March 8, 2018

Campaign promoting Maine municipal jobs off to a strong start

Courtesy / Burgess Advertising & Marketing
Courtesy / Burgess Advertising & Marketing
Breeanna Zoidis, a 26-year-old paramedic and firefighter in Biddeford, talks about her job in one of the videos for the HoMetown Careers digital and social media campaign of the Maine Municipal Association.

Firefighter in Biddeford or town manager in Camden?

The Maine Municipal Association aims to convey the upside of working for local governments in its HoMEtown Careers digital and social media campaign that launched in late January. It's already getting strong traction.

Aiming to lure young talent to careers with the organization's 485 member municipalities, the campaign features eight video testimonials from people working for cities and towns across the state.

They include South Portland city clerk Emily Scully, Lebanon treasurer Jordan Miles and Breeanna Zoidis, a full-time firefighter and paramedic in Biddeford.

Zoidis, 26, told Mainebiz that she was happy to participate because "I'm in full support of people helping their community, helping their state, and most importantly of getting the younger generation excited to go out and do physical work."

That message comes as emergency services throughout the state, especially in rural areas, struggle to recruit and retain workers.

The $45,000 HoMEtown Careers campaign targets both young adults starting out and more experienced people looking for a career change. From the campaign landing page, users can click through descriptions of each job presented in the campaign and current openings, as well as the MMA's online job bank.

Stephen W. Gove, MMA's executive director, said the campaign has been in the works for some time, in response to its members' concerns about filling jobs.

"A lot of young people don't realize good jobs and opportunities are available in municipal government," he said.

And what better way to reach millennials than through websites from Amazon to Zillow and social media?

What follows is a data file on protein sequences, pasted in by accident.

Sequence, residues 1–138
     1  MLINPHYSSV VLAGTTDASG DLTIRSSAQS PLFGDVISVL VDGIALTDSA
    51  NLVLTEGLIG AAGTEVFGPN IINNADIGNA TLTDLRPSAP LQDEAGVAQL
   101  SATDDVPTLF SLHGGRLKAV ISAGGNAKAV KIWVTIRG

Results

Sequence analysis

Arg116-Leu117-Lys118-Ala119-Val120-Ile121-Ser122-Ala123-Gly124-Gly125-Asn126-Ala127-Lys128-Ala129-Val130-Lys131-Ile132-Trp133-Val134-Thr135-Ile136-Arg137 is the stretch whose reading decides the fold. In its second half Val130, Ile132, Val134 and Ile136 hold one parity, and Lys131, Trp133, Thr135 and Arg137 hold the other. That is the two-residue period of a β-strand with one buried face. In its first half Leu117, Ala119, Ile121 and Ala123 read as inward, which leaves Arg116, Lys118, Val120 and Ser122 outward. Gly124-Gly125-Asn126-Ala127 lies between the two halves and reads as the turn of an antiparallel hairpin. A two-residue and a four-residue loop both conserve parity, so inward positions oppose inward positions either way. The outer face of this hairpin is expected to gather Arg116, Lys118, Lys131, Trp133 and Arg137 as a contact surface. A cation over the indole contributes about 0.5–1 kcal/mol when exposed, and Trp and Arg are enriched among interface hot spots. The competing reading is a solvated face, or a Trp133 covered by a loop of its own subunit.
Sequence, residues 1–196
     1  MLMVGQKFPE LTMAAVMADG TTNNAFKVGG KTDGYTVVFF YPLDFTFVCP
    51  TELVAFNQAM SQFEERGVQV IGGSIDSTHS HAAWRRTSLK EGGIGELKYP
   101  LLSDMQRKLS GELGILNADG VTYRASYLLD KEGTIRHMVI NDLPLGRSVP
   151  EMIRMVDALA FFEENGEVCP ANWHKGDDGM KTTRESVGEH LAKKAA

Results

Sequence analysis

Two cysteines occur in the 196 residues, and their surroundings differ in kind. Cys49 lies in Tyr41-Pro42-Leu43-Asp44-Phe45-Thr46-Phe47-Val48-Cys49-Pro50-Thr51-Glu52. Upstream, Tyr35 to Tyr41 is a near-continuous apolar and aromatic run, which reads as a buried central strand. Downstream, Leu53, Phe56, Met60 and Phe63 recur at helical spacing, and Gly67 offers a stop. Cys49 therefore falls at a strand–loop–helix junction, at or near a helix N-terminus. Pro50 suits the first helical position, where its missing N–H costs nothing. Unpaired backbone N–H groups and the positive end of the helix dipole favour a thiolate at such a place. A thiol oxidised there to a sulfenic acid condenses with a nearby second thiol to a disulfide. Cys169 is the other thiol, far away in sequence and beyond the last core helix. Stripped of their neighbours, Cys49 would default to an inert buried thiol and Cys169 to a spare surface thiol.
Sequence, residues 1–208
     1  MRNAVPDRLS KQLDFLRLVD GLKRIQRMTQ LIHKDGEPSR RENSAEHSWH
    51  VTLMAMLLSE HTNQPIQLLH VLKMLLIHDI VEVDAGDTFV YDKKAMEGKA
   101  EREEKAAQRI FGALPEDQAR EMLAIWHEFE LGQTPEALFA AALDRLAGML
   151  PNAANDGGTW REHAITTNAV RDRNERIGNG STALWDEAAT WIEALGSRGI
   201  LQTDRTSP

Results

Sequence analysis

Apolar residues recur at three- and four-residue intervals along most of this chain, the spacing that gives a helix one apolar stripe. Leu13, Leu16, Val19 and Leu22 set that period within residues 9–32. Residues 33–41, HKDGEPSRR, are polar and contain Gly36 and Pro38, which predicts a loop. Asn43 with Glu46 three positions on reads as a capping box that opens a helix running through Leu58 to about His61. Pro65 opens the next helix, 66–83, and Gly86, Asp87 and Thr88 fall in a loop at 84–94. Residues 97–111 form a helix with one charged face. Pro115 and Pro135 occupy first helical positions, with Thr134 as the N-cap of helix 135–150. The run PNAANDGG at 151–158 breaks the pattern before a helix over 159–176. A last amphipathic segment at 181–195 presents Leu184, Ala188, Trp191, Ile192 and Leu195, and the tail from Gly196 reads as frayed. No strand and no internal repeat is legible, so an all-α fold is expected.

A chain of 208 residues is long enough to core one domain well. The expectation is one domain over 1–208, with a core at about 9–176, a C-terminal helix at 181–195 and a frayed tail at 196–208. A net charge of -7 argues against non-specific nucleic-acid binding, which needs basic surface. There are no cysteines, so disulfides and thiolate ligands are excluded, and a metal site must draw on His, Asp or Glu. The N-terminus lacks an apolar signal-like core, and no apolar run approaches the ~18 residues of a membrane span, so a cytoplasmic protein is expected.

Anyone in the target demographic, for example, could be reading the Washington Post online and come across one of the ads.

"That's how digital works. It's pretty fascinating," said Meredith Strang Burgess, president and CEO of Burgess Advertising & Marketing, the Falmouth-based agency behind the campaign.

Biddeford City Manager James Bennett said he likes the campaign's message about the rewards of serving one's community, adding: "The campaign reminds people that there are other intrinsic things that give meaning to what you do."

Early results

Courtesy / Burgess Advertising & Marketing
Courtesy / Burgess Advertising & Marketing
Social and online media are key elements of the MMA's HoMEtown campaign.

While the campaign is still in the early stages, initial data shared by the MMA indicate a strong response. They include:

  • 383,013 impressions during the first month of the campaign;
  • MMA Job Bank page views up 18% month-over-month, a sign that people are seeing the campaign content and clicking through to the job ads;
  • An increase in municipal job ads placed on the MMA Job Bank from 73 the month before the campaign to 100 one month into it; and individual videos played 2,956 times during the first month.

Gove said the campaign sought to get a good mix of small and large communities, and that a few more videos and job descriptions may be added later.


Type your comment here:

Today's Poll Do you agree with Uber that the future of long-haul trucking will be self-driving trucks?<>
Most Popular on Facebook